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Montana doctors warn that overexertion may lead to shoveling-related injuries

Posted at 9:27 PM, Feb 26, 2019
and last updated 2019-02-26 23:27:53-05

HELENA – Physicians at St. Peter’s Health in Helena say snow and ice can mean an increase in injuries.

A study published in 2011 by Nationwide Children’s Hospital in Ohio found that snow shoveling leads to approximately 100 deaths a year and more than 11,000 injuries.

Every winter, health officials often see slips, trips, and falls related to snow. Common injuries include bumps, bruises and broken bones. But hidden preexisting heart conditions can also prove dangerous for those who overexert themselves during shoveling.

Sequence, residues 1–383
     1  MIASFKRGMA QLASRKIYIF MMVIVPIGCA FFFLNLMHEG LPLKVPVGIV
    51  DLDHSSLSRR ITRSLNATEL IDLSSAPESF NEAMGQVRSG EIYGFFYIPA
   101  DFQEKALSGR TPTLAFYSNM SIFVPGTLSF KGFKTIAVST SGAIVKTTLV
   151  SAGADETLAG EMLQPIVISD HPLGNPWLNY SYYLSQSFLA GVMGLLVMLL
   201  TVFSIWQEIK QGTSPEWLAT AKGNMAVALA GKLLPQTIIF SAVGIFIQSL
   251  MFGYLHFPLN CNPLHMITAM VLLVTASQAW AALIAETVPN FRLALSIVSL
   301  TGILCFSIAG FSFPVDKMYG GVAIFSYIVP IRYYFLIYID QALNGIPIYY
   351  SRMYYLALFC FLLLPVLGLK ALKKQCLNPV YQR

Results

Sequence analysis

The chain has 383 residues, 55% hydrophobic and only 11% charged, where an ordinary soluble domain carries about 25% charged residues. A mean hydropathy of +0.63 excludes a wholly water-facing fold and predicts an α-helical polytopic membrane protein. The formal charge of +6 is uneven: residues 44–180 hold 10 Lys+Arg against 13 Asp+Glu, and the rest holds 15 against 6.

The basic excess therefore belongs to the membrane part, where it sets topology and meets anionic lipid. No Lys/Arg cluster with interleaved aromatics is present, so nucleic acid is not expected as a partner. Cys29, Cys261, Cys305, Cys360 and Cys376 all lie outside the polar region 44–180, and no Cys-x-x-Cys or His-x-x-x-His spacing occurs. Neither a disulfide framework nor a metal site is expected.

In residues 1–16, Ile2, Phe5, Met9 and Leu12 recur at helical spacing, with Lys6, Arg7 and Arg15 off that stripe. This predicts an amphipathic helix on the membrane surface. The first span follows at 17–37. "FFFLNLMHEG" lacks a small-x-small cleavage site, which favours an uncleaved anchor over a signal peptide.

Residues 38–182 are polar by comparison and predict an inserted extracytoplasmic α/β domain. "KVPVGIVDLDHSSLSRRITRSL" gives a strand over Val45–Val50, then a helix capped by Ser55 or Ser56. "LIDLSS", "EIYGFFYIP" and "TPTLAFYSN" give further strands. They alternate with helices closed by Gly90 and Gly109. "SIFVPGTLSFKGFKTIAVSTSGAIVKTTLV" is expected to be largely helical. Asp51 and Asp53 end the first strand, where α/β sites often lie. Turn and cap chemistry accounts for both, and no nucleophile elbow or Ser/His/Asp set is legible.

The study found people over 55 are most likely to be hurt.

Dr. Andrew Michel at St. Pete’s Health says, “People with pre-existing heart problems and some that don’t know they have heart problems, it’s quite a bit of a stress test to go out and shovel a foot of snow at a time and so we do see patients show up with cardiac symptoms and sometimes heart attacks,” said Dr. Andrew Michel.

People with pre-existing conditions should consult their doctor before shoveling or ask for help.

For more information on snow-related injuries, please visit here.